John M. Davis III, M.D., studies the impact of persistent viral infections, such as human cytomegalovirus (CMV), on chronic inflammatory diseases in humans. The long-term goal of Dr. Davis' research is to develop new therapies for the prevention and treatment of rheumatoid arthritis and other inflammatory rheumatic diseases.
Using the newest methods in translational human immunology, Dr. Davis and his team conduct patient-oriented studies to investigate the role of CMV and CMV-specific T-cell immunity in perpetuating inflammation in patients with rheumatoid arthritis.
His studies involve cytokine secretion assays, enzyme-linked immunospot (ELISPOT) assays, multiparameter flow cytometry, and multiplexed cytokine analysis for the enumeration and phenotypic assessment of CMV-specific effector-memory T cells.
Immunodominant peptides of CMV are used to assess antigen-specific function. Analyses associate CMV T cell behavior and function with clinical features, disease severity and treatment response.
Dr. Davis' research has been funded by the Mayo Clinic Center for Translational Science Activities, the Arthritis Foundation, Mayo Clinic, and Mr. Lawrence and Mrs. Ruth Eaton.
- Why do CMV-specific T cells traffic into the joints in patients with rheumatoid arthritis? Studies are under way to understand if it is CMV reactivation in the joints that mediates chemotaxis to the synovium — or if this is mediated by chemokine gradients.
- How do CMV-specific effector-type T cells provoke inflammation? Experiments are being conducted to define how CMV T cells become activated in the joints and how cytokine production or cytolytic activities mediate joint inflammation.
- What are the long-term effects of CMV-specific T cells on disease progression? Epidemiological studies are planned to determine the impact of CMV-specific T cell frequency and/or function on progression of radiographic joint damage and cardiovascular outcomes.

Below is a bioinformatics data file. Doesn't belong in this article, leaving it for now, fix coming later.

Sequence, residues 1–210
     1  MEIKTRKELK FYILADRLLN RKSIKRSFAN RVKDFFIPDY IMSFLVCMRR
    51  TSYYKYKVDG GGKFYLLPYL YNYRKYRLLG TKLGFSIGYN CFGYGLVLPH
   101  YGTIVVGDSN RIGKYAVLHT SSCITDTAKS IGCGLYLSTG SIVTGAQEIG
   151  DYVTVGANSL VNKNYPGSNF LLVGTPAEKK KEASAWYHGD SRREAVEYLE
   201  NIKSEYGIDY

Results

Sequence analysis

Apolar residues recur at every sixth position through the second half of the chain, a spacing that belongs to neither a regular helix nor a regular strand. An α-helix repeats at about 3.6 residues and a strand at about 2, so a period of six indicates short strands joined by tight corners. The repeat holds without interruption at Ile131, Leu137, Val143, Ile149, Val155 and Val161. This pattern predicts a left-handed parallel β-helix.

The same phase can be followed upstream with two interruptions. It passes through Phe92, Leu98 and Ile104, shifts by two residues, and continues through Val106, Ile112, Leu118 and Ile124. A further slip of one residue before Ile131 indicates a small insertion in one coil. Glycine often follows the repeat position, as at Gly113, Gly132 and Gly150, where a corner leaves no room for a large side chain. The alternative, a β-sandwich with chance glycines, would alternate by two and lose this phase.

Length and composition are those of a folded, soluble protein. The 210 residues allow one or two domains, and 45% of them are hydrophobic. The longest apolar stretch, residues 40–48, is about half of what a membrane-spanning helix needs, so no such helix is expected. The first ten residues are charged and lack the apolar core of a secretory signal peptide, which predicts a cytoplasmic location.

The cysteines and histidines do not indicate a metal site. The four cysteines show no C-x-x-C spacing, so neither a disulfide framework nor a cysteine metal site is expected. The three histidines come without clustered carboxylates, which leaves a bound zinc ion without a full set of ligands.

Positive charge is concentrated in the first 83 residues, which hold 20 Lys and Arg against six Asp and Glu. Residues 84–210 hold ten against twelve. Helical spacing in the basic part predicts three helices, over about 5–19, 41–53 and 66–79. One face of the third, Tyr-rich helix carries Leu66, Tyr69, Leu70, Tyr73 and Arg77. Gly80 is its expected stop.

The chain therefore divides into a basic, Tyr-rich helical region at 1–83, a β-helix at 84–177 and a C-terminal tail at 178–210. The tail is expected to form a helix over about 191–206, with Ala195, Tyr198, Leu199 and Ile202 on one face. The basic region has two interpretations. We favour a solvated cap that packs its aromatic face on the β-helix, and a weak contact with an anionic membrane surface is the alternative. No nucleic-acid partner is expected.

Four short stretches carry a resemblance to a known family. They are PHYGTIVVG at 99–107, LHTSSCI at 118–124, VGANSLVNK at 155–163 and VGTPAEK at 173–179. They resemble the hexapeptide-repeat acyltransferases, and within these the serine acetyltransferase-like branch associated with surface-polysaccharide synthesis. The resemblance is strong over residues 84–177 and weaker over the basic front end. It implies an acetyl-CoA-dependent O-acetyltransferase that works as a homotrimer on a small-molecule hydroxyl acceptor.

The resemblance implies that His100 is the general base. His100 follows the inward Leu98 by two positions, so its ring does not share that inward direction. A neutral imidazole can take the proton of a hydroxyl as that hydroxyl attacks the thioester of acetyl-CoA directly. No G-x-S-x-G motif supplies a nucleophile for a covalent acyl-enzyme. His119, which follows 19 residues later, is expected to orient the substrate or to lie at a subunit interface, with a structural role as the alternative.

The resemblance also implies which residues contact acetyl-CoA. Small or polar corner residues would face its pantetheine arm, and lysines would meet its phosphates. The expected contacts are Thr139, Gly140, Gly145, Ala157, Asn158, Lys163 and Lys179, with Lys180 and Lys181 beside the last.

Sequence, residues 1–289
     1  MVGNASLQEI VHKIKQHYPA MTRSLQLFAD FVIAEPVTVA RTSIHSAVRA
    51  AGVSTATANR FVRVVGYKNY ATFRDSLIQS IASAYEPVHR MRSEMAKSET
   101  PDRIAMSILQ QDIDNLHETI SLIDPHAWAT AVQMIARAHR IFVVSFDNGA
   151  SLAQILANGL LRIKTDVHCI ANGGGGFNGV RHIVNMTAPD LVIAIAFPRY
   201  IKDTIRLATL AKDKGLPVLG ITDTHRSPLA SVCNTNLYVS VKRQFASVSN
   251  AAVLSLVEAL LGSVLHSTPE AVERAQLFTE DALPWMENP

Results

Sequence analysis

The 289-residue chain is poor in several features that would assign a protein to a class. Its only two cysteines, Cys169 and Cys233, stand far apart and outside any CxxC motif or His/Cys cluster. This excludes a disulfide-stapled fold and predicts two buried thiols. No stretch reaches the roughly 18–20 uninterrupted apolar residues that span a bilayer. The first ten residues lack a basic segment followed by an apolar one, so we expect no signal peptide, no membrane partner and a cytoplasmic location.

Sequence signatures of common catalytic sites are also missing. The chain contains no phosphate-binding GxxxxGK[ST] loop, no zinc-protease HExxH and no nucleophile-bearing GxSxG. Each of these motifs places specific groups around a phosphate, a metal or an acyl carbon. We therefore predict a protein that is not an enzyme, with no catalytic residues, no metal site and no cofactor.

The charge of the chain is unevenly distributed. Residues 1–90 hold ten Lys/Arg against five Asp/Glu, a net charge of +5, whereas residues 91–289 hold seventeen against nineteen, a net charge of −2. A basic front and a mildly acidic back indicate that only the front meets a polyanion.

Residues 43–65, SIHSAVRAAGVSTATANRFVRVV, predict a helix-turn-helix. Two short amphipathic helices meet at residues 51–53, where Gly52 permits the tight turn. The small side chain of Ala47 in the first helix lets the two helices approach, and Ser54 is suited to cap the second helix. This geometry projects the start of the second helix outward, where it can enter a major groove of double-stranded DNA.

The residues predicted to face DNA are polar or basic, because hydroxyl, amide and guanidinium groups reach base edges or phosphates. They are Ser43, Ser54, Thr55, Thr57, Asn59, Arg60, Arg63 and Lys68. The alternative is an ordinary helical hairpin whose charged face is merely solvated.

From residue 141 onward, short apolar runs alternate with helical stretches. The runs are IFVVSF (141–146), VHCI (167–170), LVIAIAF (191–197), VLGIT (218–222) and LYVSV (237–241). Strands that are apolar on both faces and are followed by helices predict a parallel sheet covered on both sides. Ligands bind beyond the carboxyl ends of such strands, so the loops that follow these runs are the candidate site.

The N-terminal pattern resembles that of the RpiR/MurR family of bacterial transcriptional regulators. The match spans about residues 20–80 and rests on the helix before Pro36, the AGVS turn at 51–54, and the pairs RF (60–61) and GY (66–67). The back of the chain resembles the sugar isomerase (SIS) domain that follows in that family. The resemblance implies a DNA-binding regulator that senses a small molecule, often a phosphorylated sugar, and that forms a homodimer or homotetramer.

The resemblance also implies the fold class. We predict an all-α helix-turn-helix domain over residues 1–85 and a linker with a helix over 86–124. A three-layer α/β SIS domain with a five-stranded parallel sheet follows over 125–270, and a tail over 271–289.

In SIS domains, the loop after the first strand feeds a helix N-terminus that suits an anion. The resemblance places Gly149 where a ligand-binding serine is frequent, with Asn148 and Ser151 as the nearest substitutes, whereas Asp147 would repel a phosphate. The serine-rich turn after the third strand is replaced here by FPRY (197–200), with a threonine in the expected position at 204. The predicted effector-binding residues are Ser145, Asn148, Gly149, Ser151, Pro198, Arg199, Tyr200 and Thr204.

- How does HLA-DRB1 impact CMV-specific T cells? HLA-DRB1 is the major risk gene for rheumatoid arthritis. Studies are under way to evaluate the effects of HLA-DRB1 shared epitope genes on the diversity of CMV-specific T cells in patients with rheumatoid arthritis and controls with latent CMV infection. These investigations could define a new mechanism for this gene in determining the occurrence and outcome of rheumatoid arthritis.
Significance to patient care
Dr. Davis' research into the impact of CMV persistence on the immune system and on the occurrence and progression of chronic inflammatory diseases — such as rheumatoid arthritis — will lead to new insights regarding pathogenesis and novel targeted therapies that improve health and survival for affected people.
- Research Chair, Division of Rheumatology, Mayo Clinic, 2011-present
- Award for Outstanding Arthritis Research, Arthritis Foundation North Central Chapter, 2005